Used as a headdress during traditional ceremonies, it is woven mainly from yarns of black thread and accented by multi-coloured threads into various geometric patterns and flora and fauna inspired motifs.
The 'bunga melur' or jasmine flower is culturally significant among the three major races in Malaysia. Its aromatic scent makes it an important part of traditional ceremonies like weddings and prayers.
Bank Negara Malaysia issued commemorative coins to mark the Third Series of the Malaysian coins available for circulation in early 2012. The commemorative coins issued are in the denominations of 5 sen, 10 sen, 20 sen and 50 sen.
Bank Negara Malaysia in co-operation with Sukom Ninety Eight Berhad has issued a new RM50 note to commemorate the Kuala Lumpur '98 XVI Commonwealth Games. This banknote is the first polymer banknote to be issued in Malaysia.
Malaysia's lush tropical jungle, which is one of the world's oldest living rainforest, is home to a spectacular variety of flowering plants. Most iconic amongst them is the Rafflesia, the world's largest flower.
Kite-flying is a popular traditional sport in Malaysia especially in Kelantan and Terengganu. Kite-flying is also traditionally a celebration of a good harvest which brings together the local communities
As ambassadors of the rich and colourful marine life found in our tropical waters, two of the most well-known species of sea turtles endemic to Malaysian waters are on the new RM20 banknote - the Hawksbill Turtle (Eretmochelys imbricata) and Leatherback Turtle (Dermochelys coriacea)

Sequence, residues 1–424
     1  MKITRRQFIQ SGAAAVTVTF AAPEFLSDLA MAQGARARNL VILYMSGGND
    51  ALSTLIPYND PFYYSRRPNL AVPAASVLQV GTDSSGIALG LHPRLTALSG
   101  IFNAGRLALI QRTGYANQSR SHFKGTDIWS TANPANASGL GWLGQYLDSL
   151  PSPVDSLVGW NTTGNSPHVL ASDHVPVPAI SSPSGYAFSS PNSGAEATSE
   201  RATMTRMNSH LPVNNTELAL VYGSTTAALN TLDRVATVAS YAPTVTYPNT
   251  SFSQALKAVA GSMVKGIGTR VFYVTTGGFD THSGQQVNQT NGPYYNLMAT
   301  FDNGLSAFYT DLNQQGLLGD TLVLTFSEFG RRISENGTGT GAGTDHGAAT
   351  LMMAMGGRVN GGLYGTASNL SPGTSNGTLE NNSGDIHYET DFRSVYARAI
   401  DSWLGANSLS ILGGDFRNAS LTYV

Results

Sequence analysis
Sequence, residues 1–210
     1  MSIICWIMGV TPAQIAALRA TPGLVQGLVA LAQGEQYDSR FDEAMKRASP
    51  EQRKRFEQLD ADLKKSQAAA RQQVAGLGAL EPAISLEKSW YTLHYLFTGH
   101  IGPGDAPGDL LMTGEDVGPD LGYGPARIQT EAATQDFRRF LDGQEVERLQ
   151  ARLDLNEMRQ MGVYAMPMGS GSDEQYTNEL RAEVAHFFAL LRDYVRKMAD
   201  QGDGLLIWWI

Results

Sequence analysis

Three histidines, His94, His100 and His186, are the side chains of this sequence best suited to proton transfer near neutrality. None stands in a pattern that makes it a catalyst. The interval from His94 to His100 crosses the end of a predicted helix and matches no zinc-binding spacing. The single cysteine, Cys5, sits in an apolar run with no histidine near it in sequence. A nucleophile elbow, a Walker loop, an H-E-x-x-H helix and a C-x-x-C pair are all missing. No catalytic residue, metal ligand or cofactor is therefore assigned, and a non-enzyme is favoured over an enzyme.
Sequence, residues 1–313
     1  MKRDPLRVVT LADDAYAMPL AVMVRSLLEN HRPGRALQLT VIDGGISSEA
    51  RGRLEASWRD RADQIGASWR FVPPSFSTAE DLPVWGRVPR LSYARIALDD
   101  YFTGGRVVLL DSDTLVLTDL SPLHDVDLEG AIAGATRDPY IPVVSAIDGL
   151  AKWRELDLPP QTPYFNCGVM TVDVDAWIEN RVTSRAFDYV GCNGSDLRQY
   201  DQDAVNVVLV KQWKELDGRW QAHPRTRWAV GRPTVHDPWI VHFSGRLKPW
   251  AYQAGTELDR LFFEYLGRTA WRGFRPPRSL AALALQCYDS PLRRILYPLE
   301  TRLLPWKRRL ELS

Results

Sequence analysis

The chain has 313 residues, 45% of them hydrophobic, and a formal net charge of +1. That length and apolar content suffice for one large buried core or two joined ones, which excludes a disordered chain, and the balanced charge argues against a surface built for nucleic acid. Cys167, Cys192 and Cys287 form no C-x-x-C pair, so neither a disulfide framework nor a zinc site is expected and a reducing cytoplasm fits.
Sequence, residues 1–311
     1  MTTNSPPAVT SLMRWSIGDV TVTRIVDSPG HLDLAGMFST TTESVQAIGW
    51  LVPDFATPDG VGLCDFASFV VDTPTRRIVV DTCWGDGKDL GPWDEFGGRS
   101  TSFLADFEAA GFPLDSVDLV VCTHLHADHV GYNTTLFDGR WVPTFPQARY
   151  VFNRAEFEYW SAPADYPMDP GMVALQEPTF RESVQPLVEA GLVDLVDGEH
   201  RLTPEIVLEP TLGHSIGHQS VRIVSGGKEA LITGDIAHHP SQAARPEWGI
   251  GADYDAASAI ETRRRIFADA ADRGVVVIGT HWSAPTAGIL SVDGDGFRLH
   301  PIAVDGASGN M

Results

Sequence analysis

The magnificent beauty of Malaysia's two prominent natural wonders, declared 'World Heritage Sites' by the United Nations Educational, Scientific and Cultural Organization (UNESCO) are portrayed on the RM100 banknote.
On 1 September 1982, Bank Negara Malaysia issued two currency denominations, $20 and $500, valid for tender, adding to the denominations of $1, $5, $10, $50, $100 and $1,000 that were already in circulation.
The second series of coins for normal circulation was issued on 4 September 1989. The technical specifications of these coins were the same as for the first series, except that the one Ringgit of the second series was smaller in size and made of a copper-zinc-tin alloy.
Malaysian coins were first issued on 12 June 1967. They were produced in five denominations (1 sen, 5 sen, 10 sen, 20 sen and 50 sen), all bearing the same motif. The $1 coin for normal circulation was issued on 1 May 1971.